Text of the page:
6 Areas that contribute to a meaningful life..

In an earlier article, I shared my thoughts on purpose and “how we would like to be remembered and lead our lives.”

Purpose provides context and meaning that helps us with our life’s direction, our aspirations and our goals.

But what does it mean in real terms? What happens next?

For starters, life and time is finite. It does not exist in endless supply and we do not know how much of it we have – the only certainty is the present and what we do with it.

All available science suggests that paying attention to a few key areas allows us to live a more balanced and meaningful life.

Broadly speaking these are:
1. Faith and Spirituality
2. Family and Friends
3. Fitness and Health
4. Finance and Material needs
5. Learning and Mental pursuits
6. Vocation and Contribution

It’s important that we consider all six of these areas in order to lead a full life. If we ignore any one completely, even the greatest success in another may not be truly fulfilling.

For what real joy can a man have, even all the wealth in the world, if he has gained it at the expense of his soul, or his integrity, or having no one to share it with, or ill health…

How we pursue each of these six areas depends on us and what we value. But taking time to clarify our values, purpose and priorities is critical.

Once done, discipline is required to adhere to our values and align what we do to them. To never allow the urgent to distract us from the important.

Otherwise we live a reactive life…rather than lead, we follow. Whims and passing pleasures dictate our decisions. We move from one crisis to another like a rudderless ship.


We know that all of us, whatever our faith journey, even if we do not believe in a higher being, experience some yearning for meaning – whether we call this spirituality or religion or meditation. Call it our true north.


We also understand from research that 70% of our happiness comes from family and friends (Murray and Peacock 1996). Yet, we often ignore the ones that mean the most to us. I’ve argued for over a decade for quality time at work and quantity time at home.
Unless we work on real friendships (not those on social media) we risk loneliness – a real killer today. So serious that not having enough friends can be as harmful as smoking 15 cigarettes a day (Julianne Holt-Lunstad).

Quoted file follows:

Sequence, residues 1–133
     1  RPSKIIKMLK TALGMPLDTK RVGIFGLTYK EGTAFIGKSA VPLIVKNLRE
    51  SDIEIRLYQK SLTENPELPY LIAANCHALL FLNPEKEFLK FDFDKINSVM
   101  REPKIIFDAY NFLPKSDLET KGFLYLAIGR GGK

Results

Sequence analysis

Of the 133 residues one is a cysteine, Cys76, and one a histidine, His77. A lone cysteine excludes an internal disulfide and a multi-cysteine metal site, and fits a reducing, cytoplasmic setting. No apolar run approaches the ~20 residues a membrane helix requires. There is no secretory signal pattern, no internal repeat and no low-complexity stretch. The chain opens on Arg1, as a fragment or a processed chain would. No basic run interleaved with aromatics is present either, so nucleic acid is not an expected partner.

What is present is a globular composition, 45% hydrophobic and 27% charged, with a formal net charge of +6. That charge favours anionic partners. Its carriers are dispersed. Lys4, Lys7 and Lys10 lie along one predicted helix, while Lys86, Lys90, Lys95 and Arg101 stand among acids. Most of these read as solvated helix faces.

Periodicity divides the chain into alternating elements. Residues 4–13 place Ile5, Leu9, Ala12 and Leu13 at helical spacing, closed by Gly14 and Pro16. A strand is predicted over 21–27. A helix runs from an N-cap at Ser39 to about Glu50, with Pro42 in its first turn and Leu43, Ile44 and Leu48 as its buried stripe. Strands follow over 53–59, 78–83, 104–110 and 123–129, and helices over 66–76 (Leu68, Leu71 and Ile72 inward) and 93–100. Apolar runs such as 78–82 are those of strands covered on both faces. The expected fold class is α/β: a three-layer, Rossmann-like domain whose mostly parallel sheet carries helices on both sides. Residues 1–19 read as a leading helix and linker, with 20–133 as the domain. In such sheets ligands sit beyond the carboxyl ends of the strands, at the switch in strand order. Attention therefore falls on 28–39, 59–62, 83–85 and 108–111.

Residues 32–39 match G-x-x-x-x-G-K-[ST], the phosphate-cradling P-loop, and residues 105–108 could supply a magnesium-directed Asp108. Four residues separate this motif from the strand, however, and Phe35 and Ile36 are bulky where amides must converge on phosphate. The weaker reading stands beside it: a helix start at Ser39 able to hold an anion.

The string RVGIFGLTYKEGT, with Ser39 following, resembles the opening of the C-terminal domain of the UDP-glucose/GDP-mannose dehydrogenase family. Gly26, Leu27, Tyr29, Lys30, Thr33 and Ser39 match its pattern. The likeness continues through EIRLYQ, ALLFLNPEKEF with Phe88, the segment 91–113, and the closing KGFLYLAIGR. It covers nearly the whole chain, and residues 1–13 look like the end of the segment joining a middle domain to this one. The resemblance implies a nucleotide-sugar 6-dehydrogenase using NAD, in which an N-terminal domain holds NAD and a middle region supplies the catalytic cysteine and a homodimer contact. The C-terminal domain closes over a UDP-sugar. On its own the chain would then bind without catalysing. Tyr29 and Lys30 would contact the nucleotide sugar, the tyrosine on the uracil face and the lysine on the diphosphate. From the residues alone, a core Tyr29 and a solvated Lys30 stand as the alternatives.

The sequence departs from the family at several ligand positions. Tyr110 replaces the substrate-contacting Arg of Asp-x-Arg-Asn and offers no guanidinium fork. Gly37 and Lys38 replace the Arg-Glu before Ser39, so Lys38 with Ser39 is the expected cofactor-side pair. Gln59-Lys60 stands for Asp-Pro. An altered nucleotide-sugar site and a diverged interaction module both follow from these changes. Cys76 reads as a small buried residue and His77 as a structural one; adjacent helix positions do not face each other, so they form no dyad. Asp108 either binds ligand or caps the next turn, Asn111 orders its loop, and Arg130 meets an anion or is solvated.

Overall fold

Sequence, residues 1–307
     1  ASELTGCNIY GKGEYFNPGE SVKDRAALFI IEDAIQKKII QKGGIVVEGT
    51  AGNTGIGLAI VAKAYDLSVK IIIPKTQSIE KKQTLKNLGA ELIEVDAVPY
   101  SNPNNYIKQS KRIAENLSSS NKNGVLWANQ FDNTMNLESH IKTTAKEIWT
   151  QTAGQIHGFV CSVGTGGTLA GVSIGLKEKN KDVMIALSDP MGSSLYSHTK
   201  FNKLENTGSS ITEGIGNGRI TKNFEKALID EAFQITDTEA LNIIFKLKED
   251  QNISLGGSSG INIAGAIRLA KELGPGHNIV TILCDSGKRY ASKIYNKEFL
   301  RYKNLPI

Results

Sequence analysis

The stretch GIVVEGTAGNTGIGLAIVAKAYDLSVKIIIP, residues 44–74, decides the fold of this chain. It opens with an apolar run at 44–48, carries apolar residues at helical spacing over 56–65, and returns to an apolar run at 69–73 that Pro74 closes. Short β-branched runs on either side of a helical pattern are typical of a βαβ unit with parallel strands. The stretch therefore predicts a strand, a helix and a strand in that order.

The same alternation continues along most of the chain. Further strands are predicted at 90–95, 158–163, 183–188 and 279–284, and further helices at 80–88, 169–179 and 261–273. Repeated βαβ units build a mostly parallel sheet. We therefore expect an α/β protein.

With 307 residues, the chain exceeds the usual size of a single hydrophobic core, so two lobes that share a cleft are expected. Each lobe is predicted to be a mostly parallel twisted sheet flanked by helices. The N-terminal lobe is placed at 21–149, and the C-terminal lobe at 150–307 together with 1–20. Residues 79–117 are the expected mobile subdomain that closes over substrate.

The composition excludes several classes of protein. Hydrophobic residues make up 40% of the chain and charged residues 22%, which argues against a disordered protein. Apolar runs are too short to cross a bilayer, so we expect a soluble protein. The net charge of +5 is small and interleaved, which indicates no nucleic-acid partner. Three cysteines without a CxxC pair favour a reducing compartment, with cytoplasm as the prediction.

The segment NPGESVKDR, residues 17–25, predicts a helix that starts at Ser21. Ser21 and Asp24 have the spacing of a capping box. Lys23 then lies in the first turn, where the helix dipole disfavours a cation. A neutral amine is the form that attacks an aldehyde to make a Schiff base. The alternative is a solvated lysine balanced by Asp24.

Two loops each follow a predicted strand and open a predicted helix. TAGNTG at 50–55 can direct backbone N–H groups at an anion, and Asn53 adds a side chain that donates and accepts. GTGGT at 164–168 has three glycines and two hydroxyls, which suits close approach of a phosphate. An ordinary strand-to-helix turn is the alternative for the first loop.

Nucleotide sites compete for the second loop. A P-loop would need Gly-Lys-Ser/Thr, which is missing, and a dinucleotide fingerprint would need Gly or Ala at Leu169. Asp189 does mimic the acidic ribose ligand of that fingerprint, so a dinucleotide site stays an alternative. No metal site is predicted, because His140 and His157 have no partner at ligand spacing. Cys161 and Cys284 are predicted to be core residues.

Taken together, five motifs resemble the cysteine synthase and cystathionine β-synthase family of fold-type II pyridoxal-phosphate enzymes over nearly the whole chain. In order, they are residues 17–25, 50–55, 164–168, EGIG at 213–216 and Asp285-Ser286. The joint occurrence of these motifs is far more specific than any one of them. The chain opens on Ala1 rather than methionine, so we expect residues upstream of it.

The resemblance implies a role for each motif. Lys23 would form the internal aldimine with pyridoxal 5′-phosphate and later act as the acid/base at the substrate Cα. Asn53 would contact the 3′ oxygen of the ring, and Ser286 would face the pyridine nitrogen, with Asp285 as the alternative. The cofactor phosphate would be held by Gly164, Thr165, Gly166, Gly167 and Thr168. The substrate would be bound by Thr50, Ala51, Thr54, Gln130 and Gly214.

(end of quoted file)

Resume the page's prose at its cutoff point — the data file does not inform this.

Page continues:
Good health often rates #1 in our aspirational goals but we often do little to achieve it. There are no hacks or short cuts here – but it can be simple: Eat Well and Move! We need to eat a balanced amount of food as close to the natural source (or the least processed – because our bodies were not designed for processed and artificial foods). And we need to move! Walk, run, swim, cycle, dance, team sport. Our sedentary lifestyles are dangerous. We need to avoid atrophy of our body and mind – moving helps both.


Lack of money can be a serious distraction in our lives, as can an abundance of it. Having enough, however, allows us to pay attention to more important matters.
Subscribing to a lifestyle of excess can spin us into a vicious cycle. Recent trends in minimalism suggest what has been known for ages – that true happiness does not come from riches but from a simple, meaningful life.


We have an in-built appetite to learn and adapt. Deep learning, reflection and self-awareness is critical not just to our survival but to our well-being. The greatest attack on this today is our addiction to technology and social media. In a very short period, we’ve transformed (and not in a good way) our ability to exchange ideas, experience deep learning, or even have creative thought.


Finally, our life and how we live it, reaches its highest level when we pursue a meaningful contribution. When we have an opportunity to have a positive impact. Ideally, this is part of our job, but often we may have to seek it outside work – perhaps as a volunteer, on a board of a non-profit, or just coaching the local football team.

Of course, it is impossible to balance all of the above, all of the time.

We must decide what matters most. And know that everything comes at a cost. For the cost of anything is how much life we are willing to exchange for it.

The greatest price we pay is indeed the opportunity cost. What else could we be doing with our time, money and energy?

Not only must we decide what we value the most and dedicate ourselves to it, we must also understand our strengths and our weaknesses in this regard – and ensure we focus only on where we have the greatest impact.

What is it that only I can do? Where do I have disproportionately positive results? Work on those, and delegate the rest. Always remembering to keep all six areas in mind in everything we do!